FIRST, TO CUBAN: "There is not one grain of truth in there,'' Cuban emailed in response to questions about a CBSSports.com report linking Dallas and Anthony.
That seems rather sweeping, so we emailed him back. ... poking for more specifics.
"I've said all I needed to say,'' Cuban tells DallasBasketball.com.
Let's separate "what's new'' from "what we already knew'' …
‘TOUCHING BASE': We wrote a week ago that the Mavs are "continuing to touch base'' with the Nuggets. In that sense, the CBSSports.com report is not breaking new ground in noting Dallas' interest. This is a process that began in mid-August. It continues every day.
So we assume that Mark is talking about the supposedly new "grains of truth.''
AN OFFER?: The fine CBS beat writer Ken Berger is reporting that "the Mavs' interest has yet to take the form of a concrete offer, as one person connected to the Anthony drama told CBSSports.com Tuesday that Dallas had yet to present one.''
That mirrors what we've already written, too – and we've gone beyond that, detailing what the Mavs will offer up in trade to acquire Anthony if and when the time is right … and how in Denver's eyes, it isn't enough:
Whenever Dallas calls to bring up its grab-bag of assets – let's say, $3 million cash, two first-round draft picks, Roddy Beaubois, Butler's $10.8 mil expiring and DeShawn Stevenson's $4.1 mil expiring -- the Nuggets come away leaving the impression that they can and will do better.
ABOUT THAT EXTENSION: Which brings us to the intricacies of attempting to get Anthony to sign an extension – or to not bother doing so.
Early this summer, DB.com reported that the Mavericks were generally opposed to the concept of a "rent-a-player'' and that they would want Anthony or whomever to execute a Sign-and-Extend upon completion of the deal. (A little-known wrinkle here: An extension can formally be part of a trade. The NBA has a provision in the rules that allows an Extend-and-Trade that works the very same way a Sign-and-Trade does. In this case, ‘Melo would sign an extension with Denver that is conditioned on his trade to some specified team within 48 hours.)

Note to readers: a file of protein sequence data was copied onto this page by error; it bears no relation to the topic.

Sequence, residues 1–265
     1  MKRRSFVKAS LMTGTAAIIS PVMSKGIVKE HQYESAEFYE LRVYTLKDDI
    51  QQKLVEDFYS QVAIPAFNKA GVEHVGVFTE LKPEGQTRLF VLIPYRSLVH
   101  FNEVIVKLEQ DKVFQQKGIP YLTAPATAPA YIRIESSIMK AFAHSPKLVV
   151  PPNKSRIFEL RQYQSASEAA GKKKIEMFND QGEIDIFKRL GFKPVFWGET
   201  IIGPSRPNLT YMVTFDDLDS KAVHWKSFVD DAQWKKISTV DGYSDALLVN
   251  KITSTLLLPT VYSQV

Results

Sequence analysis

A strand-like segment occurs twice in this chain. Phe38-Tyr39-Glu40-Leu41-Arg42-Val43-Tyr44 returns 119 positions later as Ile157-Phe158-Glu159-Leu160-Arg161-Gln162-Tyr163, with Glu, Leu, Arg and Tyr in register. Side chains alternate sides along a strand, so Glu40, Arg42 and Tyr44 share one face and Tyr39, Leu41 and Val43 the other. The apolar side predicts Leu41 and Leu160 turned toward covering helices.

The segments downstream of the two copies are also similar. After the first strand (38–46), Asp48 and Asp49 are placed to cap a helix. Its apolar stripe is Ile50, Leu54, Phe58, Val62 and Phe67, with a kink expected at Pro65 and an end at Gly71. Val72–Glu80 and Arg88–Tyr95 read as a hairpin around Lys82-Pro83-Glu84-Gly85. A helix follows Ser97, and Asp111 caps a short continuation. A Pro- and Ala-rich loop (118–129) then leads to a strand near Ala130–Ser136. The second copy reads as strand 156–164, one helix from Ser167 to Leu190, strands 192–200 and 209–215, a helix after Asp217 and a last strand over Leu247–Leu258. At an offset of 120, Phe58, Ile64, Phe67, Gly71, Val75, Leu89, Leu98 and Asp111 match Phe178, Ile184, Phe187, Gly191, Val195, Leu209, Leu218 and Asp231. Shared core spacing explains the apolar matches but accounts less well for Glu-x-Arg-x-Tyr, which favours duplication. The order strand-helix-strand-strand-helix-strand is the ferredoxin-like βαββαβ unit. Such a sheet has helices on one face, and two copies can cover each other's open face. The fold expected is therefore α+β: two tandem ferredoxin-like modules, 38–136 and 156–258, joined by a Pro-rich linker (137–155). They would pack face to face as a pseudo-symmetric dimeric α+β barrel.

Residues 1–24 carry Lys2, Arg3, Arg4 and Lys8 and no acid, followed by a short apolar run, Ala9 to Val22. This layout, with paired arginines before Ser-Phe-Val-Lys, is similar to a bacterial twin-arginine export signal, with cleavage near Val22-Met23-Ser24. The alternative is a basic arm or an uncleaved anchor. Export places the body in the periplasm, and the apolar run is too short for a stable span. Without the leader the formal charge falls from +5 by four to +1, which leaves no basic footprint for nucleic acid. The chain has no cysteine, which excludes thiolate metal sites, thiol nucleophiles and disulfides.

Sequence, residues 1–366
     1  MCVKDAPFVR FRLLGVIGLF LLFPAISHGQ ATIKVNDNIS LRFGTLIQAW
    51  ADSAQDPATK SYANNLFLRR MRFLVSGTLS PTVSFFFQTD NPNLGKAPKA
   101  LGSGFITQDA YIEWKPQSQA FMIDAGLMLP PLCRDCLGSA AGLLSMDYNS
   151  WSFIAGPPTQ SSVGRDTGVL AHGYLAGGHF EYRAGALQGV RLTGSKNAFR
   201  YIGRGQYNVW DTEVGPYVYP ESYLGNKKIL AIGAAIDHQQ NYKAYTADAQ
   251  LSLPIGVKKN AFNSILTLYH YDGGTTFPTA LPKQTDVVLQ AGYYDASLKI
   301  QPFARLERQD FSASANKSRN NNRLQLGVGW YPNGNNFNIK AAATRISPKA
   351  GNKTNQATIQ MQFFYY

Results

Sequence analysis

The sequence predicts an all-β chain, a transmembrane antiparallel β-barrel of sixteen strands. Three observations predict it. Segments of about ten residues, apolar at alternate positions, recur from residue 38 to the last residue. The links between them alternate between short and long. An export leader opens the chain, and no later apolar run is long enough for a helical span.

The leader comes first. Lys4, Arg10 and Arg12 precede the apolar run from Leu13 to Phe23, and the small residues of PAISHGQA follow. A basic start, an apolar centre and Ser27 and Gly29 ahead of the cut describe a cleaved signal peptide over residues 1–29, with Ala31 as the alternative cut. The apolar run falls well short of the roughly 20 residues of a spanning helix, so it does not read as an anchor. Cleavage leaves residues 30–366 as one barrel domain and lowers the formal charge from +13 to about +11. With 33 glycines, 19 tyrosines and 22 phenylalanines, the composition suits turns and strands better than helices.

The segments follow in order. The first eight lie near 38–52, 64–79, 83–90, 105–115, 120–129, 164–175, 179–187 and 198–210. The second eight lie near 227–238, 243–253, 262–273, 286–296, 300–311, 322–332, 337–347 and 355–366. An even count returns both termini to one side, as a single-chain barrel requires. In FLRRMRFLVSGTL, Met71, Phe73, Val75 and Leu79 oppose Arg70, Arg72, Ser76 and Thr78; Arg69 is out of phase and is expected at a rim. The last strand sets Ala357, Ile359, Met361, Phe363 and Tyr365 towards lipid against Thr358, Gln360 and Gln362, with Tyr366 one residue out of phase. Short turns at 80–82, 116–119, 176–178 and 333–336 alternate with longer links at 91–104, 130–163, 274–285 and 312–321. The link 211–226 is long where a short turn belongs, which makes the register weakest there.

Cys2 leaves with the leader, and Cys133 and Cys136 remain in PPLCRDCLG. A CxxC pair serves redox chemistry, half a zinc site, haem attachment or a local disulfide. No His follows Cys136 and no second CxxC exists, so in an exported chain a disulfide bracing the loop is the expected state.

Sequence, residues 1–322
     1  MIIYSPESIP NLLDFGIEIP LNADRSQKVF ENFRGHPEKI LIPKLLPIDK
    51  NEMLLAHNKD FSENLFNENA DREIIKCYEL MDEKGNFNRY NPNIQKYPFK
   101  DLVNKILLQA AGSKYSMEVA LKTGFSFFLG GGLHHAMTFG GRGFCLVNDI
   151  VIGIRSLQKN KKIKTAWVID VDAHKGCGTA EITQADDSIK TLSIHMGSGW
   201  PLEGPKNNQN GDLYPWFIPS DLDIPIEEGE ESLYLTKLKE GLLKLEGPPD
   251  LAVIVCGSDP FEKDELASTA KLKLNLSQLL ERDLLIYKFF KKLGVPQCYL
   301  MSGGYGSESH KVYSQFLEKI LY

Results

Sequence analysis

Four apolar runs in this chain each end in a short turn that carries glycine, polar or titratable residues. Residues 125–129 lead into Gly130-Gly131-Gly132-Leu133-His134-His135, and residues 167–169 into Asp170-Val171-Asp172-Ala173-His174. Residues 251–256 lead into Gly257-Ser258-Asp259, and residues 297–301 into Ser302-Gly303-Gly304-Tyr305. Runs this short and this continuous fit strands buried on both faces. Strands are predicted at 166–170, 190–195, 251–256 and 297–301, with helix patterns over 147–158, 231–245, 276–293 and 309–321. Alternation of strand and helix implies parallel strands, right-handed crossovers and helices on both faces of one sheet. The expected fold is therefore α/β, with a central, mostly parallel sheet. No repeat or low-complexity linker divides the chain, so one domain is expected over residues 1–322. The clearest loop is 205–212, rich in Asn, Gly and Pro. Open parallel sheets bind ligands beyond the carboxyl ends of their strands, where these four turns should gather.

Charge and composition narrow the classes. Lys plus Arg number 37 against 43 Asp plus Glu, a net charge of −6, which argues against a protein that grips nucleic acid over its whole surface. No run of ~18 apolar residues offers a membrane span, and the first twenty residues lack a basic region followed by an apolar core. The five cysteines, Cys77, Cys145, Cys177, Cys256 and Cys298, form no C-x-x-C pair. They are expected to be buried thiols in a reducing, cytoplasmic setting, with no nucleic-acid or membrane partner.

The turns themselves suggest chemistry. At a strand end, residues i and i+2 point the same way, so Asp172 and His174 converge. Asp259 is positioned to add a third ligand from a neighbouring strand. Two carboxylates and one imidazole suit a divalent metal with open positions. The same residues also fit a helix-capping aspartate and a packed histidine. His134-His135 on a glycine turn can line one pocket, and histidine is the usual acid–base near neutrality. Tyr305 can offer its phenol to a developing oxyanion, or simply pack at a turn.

They began to soften on that position – again, speaking generally -- a few weeks ago, for a number of reasons. Berger is arguing that among those is …
THE MAVS ORGANIZING A ‘SHIFT': Berger writes:
Part of Dallas' strategy, according to sources, is to shift the Anthony discussions to what Cuban recently called the "rent-a-player" phase, which
would drive down the price and encourage other teams to present offers without assurances that Anthony would stay put for five years -- the two he
has remaining (including the early-termination option for 2011-12) plus the extension.
This may be part of what Cuban is "furious'' about. It suggests a sort of "sabotage'' of another organization that the Mavs organization certainly isn't going to cop to.
We're not quite clear on how this would work, anyway. How would Dallas force a "shift'' away from New Jersey on the part of New York, Chicago, Houston and anyone else interested in obtaining Anthony?
Again, though, the Rent-a-‘Melo concept is not a new one … it's just newly reported by media people outside of Dallas. Cuban has said it out loud, on one occasion while visiting with Ben & Skin during a broadcast of the D-League Texas Legends' home opener.
"It just depends on who the guy is and what we'd have to give up,'' Cuban said then. "(But) we'll play rent-a-player, no question about it."
In our DB.com Mavs Podcast here with Rob Mahoney of TheTwoManGame.com, Rob touches on a noteworthy angle about the "newness'' of some of this being about how "sources'' are now revealing these thoughts to media members outside of Dallas, outside of Ben, Skin and Fisher.
That is a valid point; Before, this was a serious-enough issue to be whispered about on a local level. Now … somebody … wants it shouted about on a national level.
Obviously, though that "somebody'' wasn't Cuban. He doesn't seem pleased that ‘Melo-to-the-Mavs is now a more "national'' story than ever. One clear reason for this: He and GM Donnie Nelson have long advocated a "family'' atmosphere with players, and part of that is attempting to not expose them to being included in trade rumors.
That protective bent is especially appropriate right now as the Mavs are 23-5 and confident that they are an elite team as presently constructed.
Dallas management doesn't need Caron Butler and others seeing their names tossed about on "SportsCenter.'' That's bad for 23-5 business.
It's also reason for Cuban to protest loudly and to urge rumor-mongers (including us) to "step away from your crack dealer.
THE MAVS CULTURE: And then, regarding the extension issue and the Chemistry Vibe thing, there is this: We are convinced that Mark Cuban – bursting with confidence, as always, that the "Mavericks culture'' is a persuasive one – believes an immersion in that culture would result in Anthony wanting to eventually re-sign with Dallas.